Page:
De Buck Gallery is pleased to announce an exhibition of recent works by London-based artist Philip Colbert. Held at the gallery’s location in Saint-Paul de Vence, this will be Colbert’s first presentation at the gallery. The exhibition, which showcases new paintings and sculpture, will run from July 30, 2022 through August 27, 2022 with an opening reception on Saturday, July 30, 2022.
This exhibition is a mini-survey of themes which the artist has worked with across his career. It features eleven new paintings, including a selection of character paintings; Colbert’s iconic lobster persona paintings; and what the artist calls “dialogue paintings,” which feature a subject and a background with layered shapes, text, and costumed personas. The show also includes a new series of Colbert’s Flower Study paintings, as well as two large-scale sculptural works. One of which, Lobster Flower, is a colorful homage to Yayoi Kusama’s polka-dotted flower sculptures, with Colbert’s rendition featuring a lobster at its center. Rounding out the presentation is one of Colbert’s “Hunt” paintings, large canvases showcasing complex narrative scenes. They are reminiscent of French artist Jacques Louis David’s history paintings, instead featuring Colbert’s signature personas, abstract elements, and a humorous touch.
Colbert is most known for his Neo-Pop Surrealism which is personified by his cartoon lobster character. Often referred to as the “godson of Andy Warhol,” his practice evokes the style of his Pop art forebearers such as Warhol and Roy Lichtenstein, while also paying homage to other influential figures across the Western art historical canon, from Vincent van Gogh and Anthony Van Dyck, to contemporary artists, such as Kusama and George Condo. Most of his cheeky, satirical works feature the lobster character as their central subject.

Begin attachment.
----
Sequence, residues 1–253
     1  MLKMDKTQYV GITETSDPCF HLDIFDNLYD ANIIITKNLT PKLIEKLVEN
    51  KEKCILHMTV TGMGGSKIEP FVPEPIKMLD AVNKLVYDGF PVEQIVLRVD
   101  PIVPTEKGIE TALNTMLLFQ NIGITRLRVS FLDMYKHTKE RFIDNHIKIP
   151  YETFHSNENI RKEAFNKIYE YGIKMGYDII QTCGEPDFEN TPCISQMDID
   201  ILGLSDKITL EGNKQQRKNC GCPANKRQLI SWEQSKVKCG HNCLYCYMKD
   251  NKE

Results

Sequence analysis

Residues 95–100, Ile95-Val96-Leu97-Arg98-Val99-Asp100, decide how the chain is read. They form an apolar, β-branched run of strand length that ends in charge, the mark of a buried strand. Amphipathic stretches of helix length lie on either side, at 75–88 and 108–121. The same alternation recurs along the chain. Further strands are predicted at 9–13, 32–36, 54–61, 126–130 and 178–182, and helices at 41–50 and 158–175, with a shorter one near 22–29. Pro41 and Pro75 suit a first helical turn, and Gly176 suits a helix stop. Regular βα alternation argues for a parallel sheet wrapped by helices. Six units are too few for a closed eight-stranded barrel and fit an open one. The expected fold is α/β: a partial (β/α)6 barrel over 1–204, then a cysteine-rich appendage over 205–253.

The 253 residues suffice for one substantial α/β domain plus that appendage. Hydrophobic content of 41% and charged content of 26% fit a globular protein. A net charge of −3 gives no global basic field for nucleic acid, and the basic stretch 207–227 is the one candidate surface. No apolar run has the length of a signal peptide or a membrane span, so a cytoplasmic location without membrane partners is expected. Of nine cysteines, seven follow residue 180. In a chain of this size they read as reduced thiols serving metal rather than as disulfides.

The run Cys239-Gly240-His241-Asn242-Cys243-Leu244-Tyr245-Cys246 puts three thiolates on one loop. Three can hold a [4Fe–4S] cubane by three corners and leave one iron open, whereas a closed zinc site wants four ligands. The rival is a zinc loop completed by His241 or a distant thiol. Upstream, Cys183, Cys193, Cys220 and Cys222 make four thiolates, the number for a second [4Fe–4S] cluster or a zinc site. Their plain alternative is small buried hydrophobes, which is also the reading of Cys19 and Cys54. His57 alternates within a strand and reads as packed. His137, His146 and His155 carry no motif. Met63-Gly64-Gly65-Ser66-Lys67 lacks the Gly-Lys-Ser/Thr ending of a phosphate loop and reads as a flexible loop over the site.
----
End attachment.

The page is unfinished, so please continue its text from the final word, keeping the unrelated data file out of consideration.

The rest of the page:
Colbert’s Flower Study paintings, which clearly reference Andy Warhol’s “Flowers” series, demonstrate the artist’s talent for seamlessly meshing cartoon-ish characters with references to classical painting and Pop. Like Warhol, Colbert produces serially, creating multiple paintings of the same image of flowers with subtle variations in color. However, where Warhol’s flora were inspired by a photograph in a magazine, Colbert’s began as paintings of cacti, which he saw as counterparts to his lobsters, both being prickly, tough creatures living in harsh environments with “slightly violent exoskeletons” to protect their softer interior. From there the flowers began to take shape and resemble those of the iconic Pop artist. “Appropriation in my art world…keeps you anchored into the dialogue, our historical recognition,” says Colbert about his use of Warhol’s lexicon. “People are familiar with that and they can draw references.”
Familiarity is critical to Colbert’s work. He often combines the banal and comical with references to ‘prestigious’ works, creating accessible conversations in art. For Colbert, the purpose of his work revolves around “believing in the poetry of everyday language” while remaining “unpretentious” about his designs. The artist philosophizes that humor is an essential component of life, inextricably seen across his oeuvre.
About the Artist
Philip Colbert was born in Scotland and currently lives and works in London. His works have gained international recognition in the United States, Korea, Japan, Holland, and China. He received his MA in Philosophy from St. Andrews University after attending Strathallan School in Scotland. Colbert’s work has been exhibited at institutions globally including the Tate Modern, the Van Gogh Museum, and the Modern Art Museum in Shanghai.